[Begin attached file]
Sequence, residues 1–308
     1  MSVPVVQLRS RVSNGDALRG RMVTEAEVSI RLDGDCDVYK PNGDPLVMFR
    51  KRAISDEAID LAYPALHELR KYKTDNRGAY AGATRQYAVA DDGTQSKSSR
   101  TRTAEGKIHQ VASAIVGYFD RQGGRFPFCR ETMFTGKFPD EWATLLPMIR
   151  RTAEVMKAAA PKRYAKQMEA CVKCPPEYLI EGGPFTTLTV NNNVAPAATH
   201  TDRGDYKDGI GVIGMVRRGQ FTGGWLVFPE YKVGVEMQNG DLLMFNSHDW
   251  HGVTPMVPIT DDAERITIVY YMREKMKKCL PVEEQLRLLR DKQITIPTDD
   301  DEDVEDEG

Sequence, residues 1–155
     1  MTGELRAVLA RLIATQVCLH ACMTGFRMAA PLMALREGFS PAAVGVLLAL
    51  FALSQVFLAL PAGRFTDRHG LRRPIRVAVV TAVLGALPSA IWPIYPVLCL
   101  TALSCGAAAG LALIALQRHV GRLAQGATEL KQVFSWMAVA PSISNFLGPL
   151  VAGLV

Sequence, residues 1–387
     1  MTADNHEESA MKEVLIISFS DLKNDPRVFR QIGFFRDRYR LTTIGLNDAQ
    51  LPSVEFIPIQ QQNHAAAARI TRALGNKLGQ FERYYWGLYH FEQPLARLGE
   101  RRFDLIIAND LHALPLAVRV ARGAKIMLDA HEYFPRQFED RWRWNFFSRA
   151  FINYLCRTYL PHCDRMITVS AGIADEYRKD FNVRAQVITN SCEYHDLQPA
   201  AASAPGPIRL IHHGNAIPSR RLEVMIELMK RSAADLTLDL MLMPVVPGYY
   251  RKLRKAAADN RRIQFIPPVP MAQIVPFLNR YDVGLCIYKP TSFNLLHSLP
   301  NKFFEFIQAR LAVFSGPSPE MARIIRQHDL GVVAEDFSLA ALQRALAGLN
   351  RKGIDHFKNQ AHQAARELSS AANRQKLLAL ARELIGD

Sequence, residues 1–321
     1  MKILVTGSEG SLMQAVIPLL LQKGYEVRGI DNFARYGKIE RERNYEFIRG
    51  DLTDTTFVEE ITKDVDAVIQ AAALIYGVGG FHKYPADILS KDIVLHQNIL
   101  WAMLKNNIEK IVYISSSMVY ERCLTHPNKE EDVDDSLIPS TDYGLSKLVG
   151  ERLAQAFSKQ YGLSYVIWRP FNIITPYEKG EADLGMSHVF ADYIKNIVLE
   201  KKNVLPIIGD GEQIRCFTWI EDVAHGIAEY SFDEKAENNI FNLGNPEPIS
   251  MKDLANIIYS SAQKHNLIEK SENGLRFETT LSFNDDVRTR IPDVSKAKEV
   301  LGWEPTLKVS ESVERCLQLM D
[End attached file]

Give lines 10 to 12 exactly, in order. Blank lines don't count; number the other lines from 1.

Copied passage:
     1  MTGELRAVLA RLIATQVCLH ACMTGFRMAA PLMALREGFS PAAVGVLLAL
    51  FALSQVFLAL PAGRFTDRHG LRRPIRVAVV TAVLGALPSA IWPIYPVLCL
   101  TALSCGAAAG LALIALQRHV GRLAQGATEL KQVFSWMAVA PSISNFLGPL